In this morning’s newsletter: Rep. Dean Phillips (D-MN) has been making waves in Washington lately for his push for President Biden to step aside in 2024. I spoke to Phillips this weekend to learn more about why he believes Biden should pass the torch and whether he might wage a campaign against the president himself.
Two pieces of housekeeping: First off, I’m proud to share a piece of mine that’s being published elsewhere this morning. In the current Congress, there are 38 Jewish members. But only two of them are Republicans: Reps. David Kustoff (R-TN) and Max Miller (R-OH).
I profiled Kustoff and Miller in a freelance piece for Jewish Insider. Click here or below to read my piece, which includes interviews with both congressmen, their rabbis, and other experts on the unique role Kustoff and Miller hold in Washington and the history of Jewish Republicans in Congress:
Secondly, Wake Up To Politics will be taking a quick break this week. I’ll be back in your inbox next Monday. Thank you, as always, for your understanding.
And now, my interview with Rep. Dean Phillips...
“Horrifying”: Fearing loss to Trump, Phillips calls for Biden to stand down
Depending on the poll, most surveys show somewhere between 40-50% of Democrats do not want Joe Biden to be their standard-bearer in the 2024 election.
If that math held true in Washington, around 100 Democratic members of Congress would be urging Biden to step aside. Instead, only one Democratic lawmaker has been making that case publicly: Rep. Dean Phillips, a third-term congressman from Minnesota.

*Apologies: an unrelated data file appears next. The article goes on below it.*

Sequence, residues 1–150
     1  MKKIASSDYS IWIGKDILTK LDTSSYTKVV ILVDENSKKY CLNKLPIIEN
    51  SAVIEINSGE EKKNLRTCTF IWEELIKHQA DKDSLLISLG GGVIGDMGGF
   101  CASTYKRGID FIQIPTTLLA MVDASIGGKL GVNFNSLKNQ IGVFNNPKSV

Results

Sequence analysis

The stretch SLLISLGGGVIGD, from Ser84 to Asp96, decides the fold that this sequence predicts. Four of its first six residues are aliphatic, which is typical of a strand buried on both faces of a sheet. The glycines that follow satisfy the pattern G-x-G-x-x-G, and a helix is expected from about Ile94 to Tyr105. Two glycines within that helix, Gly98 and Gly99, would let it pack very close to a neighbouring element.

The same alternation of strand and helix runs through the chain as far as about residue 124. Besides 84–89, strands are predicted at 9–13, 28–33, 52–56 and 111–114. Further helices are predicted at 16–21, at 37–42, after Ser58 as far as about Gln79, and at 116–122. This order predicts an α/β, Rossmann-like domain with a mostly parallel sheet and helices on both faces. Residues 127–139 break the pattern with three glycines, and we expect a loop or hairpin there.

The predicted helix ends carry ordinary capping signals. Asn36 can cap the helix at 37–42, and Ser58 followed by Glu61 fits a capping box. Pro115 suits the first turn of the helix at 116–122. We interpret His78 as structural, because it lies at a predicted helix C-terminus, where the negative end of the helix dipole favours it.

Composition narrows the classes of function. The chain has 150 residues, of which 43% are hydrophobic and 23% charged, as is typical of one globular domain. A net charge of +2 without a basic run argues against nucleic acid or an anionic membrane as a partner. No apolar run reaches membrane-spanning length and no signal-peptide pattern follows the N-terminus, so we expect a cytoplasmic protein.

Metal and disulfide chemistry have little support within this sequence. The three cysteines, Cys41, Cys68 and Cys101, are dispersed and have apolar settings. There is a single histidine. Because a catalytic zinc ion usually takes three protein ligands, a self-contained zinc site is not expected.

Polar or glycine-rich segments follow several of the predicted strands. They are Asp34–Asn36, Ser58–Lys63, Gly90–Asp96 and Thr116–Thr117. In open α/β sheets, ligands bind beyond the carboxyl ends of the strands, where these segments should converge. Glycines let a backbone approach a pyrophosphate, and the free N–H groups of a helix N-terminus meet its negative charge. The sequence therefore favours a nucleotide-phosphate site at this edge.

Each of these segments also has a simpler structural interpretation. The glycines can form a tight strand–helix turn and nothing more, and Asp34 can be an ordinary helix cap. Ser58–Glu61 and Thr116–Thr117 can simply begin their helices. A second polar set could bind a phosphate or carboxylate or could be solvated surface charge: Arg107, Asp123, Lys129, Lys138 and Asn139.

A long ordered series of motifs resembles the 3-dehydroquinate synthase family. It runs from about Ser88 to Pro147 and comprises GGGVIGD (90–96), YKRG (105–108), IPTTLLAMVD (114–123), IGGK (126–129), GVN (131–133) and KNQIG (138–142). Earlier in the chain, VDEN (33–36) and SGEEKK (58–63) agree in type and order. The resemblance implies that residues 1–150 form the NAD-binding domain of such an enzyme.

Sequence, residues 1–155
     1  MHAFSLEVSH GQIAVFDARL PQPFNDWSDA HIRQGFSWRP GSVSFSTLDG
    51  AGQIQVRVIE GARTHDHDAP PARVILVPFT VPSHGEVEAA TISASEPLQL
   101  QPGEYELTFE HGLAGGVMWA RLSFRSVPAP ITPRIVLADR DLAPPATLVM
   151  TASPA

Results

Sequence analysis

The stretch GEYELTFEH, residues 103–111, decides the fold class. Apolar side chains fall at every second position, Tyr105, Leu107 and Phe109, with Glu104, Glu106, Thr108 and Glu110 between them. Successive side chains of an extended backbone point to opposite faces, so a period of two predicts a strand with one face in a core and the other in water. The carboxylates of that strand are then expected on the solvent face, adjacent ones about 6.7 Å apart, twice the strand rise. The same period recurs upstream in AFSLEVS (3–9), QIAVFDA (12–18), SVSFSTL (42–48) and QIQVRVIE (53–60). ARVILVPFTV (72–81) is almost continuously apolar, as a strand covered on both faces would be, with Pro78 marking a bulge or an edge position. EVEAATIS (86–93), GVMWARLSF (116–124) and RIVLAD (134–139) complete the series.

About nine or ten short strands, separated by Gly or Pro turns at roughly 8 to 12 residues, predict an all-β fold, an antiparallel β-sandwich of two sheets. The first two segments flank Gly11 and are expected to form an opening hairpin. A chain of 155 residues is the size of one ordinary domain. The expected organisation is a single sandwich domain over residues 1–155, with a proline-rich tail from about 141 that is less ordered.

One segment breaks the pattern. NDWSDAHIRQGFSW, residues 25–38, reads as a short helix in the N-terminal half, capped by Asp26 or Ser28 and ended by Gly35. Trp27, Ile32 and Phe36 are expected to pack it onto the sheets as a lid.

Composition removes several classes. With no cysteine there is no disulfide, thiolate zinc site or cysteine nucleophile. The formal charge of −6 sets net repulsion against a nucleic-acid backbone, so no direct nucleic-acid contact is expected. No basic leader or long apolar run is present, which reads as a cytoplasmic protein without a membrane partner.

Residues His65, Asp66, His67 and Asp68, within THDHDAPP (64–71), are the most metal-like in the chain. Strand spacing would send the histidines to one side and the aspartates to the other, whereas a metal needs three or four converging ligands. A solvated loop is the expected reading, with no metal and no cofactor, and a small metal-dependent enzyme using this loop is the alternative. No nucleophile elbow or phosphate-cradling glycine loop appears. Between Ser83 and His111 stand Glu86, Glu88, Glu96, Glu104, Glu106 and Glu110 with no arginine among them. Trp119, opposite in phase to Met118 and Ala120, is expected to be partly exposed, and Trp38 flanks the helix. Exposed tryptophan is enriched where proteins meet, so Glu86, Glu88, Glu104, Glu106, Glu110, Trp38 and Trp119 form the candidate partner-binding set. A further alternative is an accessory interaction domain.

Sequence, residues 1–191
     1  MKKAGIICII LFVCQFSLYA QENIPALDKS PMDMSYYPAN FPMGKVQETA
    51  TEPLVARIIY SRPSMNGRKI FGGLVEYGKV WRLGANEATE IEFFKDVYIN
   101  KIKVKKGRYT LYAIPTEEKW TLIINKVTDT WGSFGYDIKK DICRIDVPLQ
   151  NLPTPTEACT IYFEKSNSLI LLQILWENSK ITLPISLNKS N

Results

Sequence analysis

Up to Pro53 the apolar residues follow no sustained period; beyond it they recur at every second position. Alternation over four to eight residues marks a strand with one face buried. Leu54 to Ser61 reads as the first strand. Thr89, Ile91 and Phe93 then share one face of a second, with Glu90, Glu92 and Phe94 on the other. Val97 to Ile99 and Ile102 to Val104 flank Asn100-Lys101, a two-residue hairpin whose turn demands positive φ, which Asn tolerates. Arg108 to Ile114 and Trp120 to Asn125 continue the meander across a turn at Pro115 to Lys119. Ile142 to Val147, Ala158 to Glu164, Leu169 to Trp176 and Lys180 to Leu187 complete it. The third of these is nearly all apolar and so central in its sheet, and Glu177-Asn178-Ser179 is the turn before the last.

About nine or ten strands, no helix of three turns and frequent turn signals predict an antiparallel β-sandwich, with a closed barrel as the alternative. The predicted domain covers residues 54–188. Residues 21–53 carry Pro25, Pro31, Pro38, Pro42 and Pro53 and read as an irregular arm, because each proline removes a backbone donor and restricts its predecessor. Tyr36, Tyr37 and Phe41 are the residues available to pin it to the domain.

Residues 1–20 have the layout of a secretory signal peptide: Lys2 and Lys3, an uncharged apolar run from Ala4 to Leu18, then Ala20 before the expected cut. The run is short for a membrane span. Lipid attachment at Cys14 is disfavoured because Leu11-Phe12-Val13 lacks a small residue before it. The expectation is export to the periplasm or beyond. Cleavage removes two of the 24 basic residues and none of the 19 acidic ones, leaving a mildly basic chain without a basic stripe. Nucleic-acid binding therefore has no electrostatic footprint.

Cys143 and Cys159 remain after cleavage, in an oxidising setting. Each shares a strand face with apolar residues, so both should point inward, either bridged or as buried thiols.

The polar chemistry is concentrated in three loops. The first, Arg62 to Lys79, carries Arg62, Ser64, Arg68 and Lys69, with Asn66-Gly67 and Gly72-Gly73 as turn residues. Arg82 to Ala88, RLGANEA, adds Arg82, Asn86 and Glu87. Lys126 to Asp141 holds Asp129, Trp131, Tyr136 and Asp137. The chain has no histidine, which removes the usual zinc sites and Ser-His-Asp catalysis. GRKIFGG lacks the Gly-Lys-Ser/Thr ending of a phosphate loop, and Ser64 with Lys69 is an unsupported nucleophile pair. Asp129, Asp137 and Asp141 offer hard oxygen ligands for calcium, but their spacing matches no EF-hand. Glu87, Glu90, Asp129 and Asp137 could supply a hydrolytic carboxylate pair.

“I believe it’s in the country’s best interest for the president to pass the torch to a new generation and open the stage to a number of Democrats to compete in the primary so that we can choose the person best prepared to win the next election,” Phillips told me in an interview. “And the data right now does not indicate that that is President Biden.”
Phillips wants to be clear: he likes Biden. When asked how he would grade the Biden presidency, Phillips hesitated for a moment before answering with an A-minus. “I think he’s done a darn good job,” Phillips said, calling the president “a good man and a compassionate man and a passionate man” and praising his tenure as “the most productive administration in my lifetime.”
But the Minnesota congressman is skeptical that Biden, 80, could beat Donald Trump in a rematch next November. Reeling off several statistics on the current state of a Trump-Biden race, Phillips said that electability was the main concern fueling his full-court press for Biden to call it quits.
“Right now, 55% of Democrats in the most recent New York Times poll want an alternative to the president in the primary,” Phillips explained. “They’re saying they’re concerned about his age, they’re concerned about his ability to beat Donald Trump. And all of that is supported by the most recent data. The most recent poll from Echelon indicates that in the four swing states that are going to decide the election, that Trump is beating Biden by seven points. And when you add Cornel West, the Green Party candidate, in the mix, it’s eight points. So people are rightfully concerned, and I’m among them.”
Asked if he believed Biden is physically and mentally fit to serve as president, Phillips offered a morbid warning — but no direct answer. “I think the best way to answer your question is, look at the two leading candidates, both GOP and Democratic, and look at an actuarial table that insurance companies use to predict how long people of certain ages will live,” he said. “Take a look at that and if that doesn’t make anybody concerned, once again, I’m afraid we’re living in different environments.”